Sunday, 10 June 2018

Service 230 Ends

Service 230 between Hornsea and Hull operated for the last time on Saturday 5th May. It had been operated by EYMS on behalf of East Riding of Yorkshire Council (ERYC) every Tuesday, Thursday and Saturday, providing a shopping link into Hull, with one journey in each direction. The main Hornsea to Hull link is provided by route 240, whilst there is also the 246 which takes the longer route via Beverley. I presume EYMS handed back the tender with the closure of their Hornsea depot.

The route incorporated Hatfield, Withernwick, Rise, Skirlaugh, New Ellerby, Old Ellerby and Coniston, plus Swine on Tuesday and Thursday only. The service had an unusual 'quirk' in that on Tuesday and Thursday the inbound service to Hull only operated as far as Ganstead where passengers needed to change to service 240, however the return started at Hull Interchange.

The only replacement ERYC have arranged is for the Holderness MiBus on Tuesday and Saturday to also incorporate New Ellerby, Old Ellerby and Swine, providing a link to Beverley if pre-booked by 1600 the day prior. MiBus also covers Withernwick and Skirlaugh, and I guess Hatfield and Rise as well? Skirlaugh and Coniston aren't a concern however as they are on the main 240 Hornsea to Hull route served seven days a week, and also have the 242/243 into Beverley six and five days a week respectively. It is Hatfield, Withernwick, Rise, New Ellerby, Old Ellerby and Swine that become unserved by 'traditional' services. For Witherwick, Hatfield and Rise the 230 ending follows the 2017 loss of service 241.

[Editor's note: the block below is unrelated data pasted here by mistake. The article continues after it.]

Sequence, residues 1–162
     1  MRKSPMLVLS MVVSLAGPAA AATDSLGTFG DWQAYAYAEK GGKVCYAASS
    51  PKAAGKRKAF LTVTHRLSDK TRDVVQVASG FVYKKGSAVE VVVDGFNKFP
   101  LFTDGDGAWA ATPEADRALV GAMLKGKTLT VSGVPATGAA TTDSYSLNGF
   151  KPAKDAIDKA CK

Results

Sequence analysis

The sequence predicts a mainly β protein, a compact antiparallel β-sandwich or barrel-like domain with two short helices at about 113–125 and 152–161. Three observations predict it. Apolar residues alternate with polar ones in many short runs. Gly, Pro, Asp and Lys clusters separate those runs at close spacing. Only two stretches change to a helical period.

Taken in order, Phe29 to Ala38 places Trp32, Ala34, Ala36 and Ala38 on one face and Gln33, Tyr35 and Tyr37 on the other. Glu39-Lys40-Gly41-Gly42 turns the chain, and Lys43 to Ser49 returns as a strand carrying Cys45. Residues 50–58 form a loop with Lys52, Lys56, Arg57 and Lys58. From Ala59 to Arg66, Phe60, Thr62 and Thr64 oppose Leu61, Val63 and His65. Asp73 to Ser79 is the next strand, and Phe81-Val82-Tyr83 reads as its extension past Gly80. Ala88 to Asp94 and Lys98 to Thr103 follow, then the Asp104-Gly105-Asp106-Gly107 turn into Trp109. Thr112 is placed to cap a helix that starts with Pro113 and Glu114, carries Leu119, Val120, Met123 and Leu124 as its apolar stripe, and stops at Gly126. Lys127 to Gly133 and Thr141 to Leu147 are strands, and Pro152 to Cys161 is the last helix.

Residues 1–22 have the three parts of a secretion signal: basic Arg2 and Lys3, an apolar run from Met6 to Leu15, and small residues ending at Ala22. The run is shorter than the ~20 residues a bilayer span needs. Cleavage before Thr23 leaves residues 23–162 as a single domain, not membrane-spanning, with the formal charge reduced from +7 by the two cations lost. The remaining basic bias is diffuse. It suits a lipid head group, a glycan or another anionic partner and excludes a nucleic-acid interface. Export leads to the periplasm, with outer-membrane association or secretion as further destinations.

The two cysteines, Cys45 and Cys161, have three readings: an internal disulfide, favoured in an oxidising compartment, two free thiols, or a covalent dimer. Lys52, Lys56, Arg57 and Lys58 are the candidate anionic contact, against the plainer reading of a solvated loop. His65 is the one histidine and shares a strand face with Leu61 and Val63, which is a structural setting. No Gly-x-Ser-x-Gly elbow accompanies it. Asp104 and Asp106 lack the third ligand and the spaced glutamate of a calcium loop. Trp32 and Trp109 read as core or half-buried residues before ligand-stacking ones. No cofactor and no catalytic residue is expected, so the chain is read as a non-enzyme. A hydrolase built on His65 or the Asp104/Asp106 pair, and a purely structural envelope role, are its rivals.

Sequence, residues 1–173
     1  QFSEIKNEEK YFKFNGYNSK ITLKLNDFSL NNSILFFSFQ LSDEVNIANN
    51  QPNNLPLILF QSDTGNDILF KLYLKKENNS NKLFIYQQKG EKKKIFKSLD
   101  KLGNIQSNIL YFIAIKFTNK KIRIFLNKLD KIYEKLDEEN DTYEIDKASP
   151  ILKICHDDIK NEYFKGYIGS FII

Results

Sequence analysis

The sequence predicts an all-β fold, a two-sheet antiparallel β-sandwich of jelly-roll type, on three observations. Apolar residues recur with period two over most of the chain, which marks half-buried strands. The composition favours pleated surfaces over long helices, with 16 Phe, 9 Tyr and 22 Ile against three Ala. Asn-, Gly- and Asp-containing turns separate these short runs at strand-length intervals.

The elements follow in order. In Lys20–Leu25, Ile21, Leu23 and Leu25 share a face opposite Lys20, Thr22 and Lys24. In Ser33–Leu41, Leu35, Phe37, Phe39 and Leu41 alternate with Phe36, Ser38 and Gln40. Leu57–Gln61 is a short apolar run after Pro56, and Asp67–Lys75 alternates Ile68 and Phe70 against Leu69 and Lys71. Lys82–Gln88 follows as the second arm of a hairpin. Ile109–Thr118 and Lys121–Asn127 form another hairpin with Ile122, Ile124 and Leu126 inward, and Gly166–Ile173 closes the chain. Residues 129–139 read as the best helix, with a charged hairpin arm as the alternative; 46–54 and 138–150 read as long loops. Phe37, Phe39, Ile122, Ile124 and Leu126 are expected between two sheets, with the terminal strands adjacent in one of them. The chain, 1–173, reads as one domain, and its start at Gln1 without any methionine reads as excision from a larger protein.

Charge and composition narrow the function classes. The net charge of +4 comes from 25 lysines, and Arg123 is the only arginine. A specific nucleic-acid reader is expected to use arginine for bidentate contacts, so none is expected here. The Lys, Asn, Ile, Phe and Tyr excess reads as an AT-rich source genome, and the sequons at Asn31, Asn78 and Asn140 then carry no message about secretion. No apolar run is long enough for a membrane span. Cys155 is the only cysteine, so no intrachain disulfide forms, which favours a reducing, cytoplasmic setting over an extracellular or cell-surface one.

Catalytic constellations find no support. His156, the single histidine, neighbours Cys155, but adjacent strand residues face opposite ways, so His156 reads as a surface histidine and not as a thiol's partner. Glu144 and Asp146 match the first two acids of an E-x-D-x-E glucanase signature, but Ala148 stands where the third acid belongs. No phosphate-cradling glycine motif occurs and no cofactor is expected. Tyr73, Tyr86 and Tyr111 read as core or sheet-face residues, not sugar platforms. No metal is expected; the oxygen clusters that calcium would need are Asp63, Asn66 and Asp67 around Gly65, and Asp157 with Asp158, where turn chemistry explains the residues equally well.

The 230 had got through the 2016 ERYC Review of Bus Services, the documentation for which reveals an average 9 passengers per journey at a subsidy of £3.04 per passenger journey. It hasn't survived ERYC needing to cover withdrawn commercial services and handed back tenders however. Would a reduction in the number of days have saved the 230 though, maybe with a route change to go Aldbrough-Witherwick-Hatfield-Rise then as before, helping to mitigate the loss of the 220/221? Hornsea was almost certainly just on the route for convenience.

1 comment:

Anonymous said...

What amazes me is the fact that EYMS have operated for years services which were council funded but the funding was so low the company was loosing money.
Why were these services not given back to the council.
Then maybe EYMS would not have been crying the poor tale so often.